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Age features of metabolic syndrome and cardiovascular disorders in gout

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  • 1,
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Arthritis Research & Therapy201214 (Suppl 1) :P69

https://doi.org/10.1186/ar3670

  • Published:

Keywords

  • Cholesterol
  • Triglyceride
  • Metabolic Syndrome
  • Uric Acid
  • Hyperglycemia

Materials and methods

Are surveyed 76 gout patients, middle age equaled 56.6 ± 7.5 year. Have been distributed on 3 groups: more younger 50, from 50 to 60 and more senior 60 years. Metabolic syndrome was diagnosed by criteria Adult Treatment Panel III (National Institute of Health, USA) [1]. Serum level of Uric Acid defined by colorimetric enzyme method, glucose - by glucose oxidize method, cholesterol, triglycerides and high density lipoproteides-cholesterol - by colorimetric method [2]. Low and very low density lipoproteides-cholesterol defined by "WT Friedewald Equation" (1972) [3].

Results

Metabolic syndrome has been diagnosed at 46 (60.5%) patients. Middle age patients with presence of metabolic syndrome has made 55.7 ± 4.7, without - 57.9 ± 8.3 year.

Conclusions

At the same time we have not revealed age distinctions in occurrence of metabolic syndrome at patients with primary gout, however frequency of IHD of gout patients naturally increased with the years - from 38% to 68%. Patients of the senior age groups the increase in frequency of hypertension and IHD while patients of younger age have obesity, hypertriglyceridemia and hyperglycemia is more often noted.
Table 1

Frequency of revealing of signs of metabolic syndrome at gout patients (n = 76)

Sign

Frequency

CW > 102 cm

48 (63.2%)

SBP > 140 mm Hg and/or DBP > 90 mm Hg

50 (65.8%)

TG ≥ 120 mg/dl

22 (29%)

Glucose ≥ 110 mg/dl

32 (42.1%)

HDL-cholesterol < 50 mg/dl

58 (76.3%)

CW - circle waist; TG - triglycerides; SBP - systolic blood pressure; DBP - diastolic blood pressure; HDL - high density lipoproteides.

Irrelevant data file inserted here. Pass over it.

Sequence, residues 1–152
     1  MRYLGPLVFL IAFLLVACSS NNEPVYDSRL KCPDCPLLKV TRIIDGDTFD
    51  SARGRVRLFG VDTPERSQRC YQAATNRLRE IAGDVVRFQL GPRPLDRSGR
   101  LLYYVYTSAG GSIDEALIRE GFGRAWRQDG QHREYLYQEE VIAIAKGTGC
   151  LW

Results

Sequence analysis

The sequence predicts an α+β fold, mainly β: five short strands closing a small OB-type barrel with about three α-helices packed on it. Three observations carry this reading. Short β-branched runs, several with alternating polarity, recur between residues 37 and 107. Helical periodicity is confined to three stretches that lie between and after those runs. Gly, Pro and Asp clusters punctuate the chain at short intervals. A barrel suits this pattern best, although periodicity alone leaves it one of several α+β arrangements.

Table 2

Frequency of revealing of signs metabolic syndrome at gout patients depending on age, n (%)

Sign

Age groups

 

<50 y (n = 26)

50-60 y (n = 26)

>60 y (n = 24)

CW > 102 cm

22 (84.6%)

20 (76.9%)

6 (25%)

SBP > 140 mm Hg and/or DBP > 90 mm Hg

20 (76.9%)

14 (53.8%)

20 (83.3%)

TG ≥ 120 mg/dl

8 (30.8%)

10 (38.45%)

4 (16.7%)

Glucose ≥ 110 mg/dl

14 (53.85%)

14 (53.85%)

4 (16.7%)

HDL-cholesterol < 50 mg/dl

14 (53.85%)

24 (92.3%)

20 (83.3%)

Declarations

Acknowledgements

Research grants were received from APLAR.

Authors’ Affiliations

(1)
AvicennaTajik State Medical University, Tajikistan

References

  1. Executive summary of the Third Report of the National Cholesterol Education Program (NCEP) Expert Panel on Detection, Evaluation, and Treatment of High Blood Cholesterol in Adults (Adult Treatment Panel III). JAMA. 2001, 285 (19): 2486-2497. 10.1001/jama.285.19.2486.Google Scholar
  2. Rifai N, Bachorik PS, Albers JJ: Lipids, lipoproteins and apolipoproteins. Tietz Textbook of Clinical Chemistry. Edited by: Burtis CA, Ashwood ER. 1999, Philadelphia: W.B. Saunders Company, 809-861. 3Google Scholar
  3. Friedewald WT, Levy RS, Fredrickson DS: Estimation of the concentration of low-density lipoprotein cholesterol in plasma, without use of the preparative ultracentrifuge. Clin Chem. 1972, 18: 499-502.PubMedGoogle Scholar

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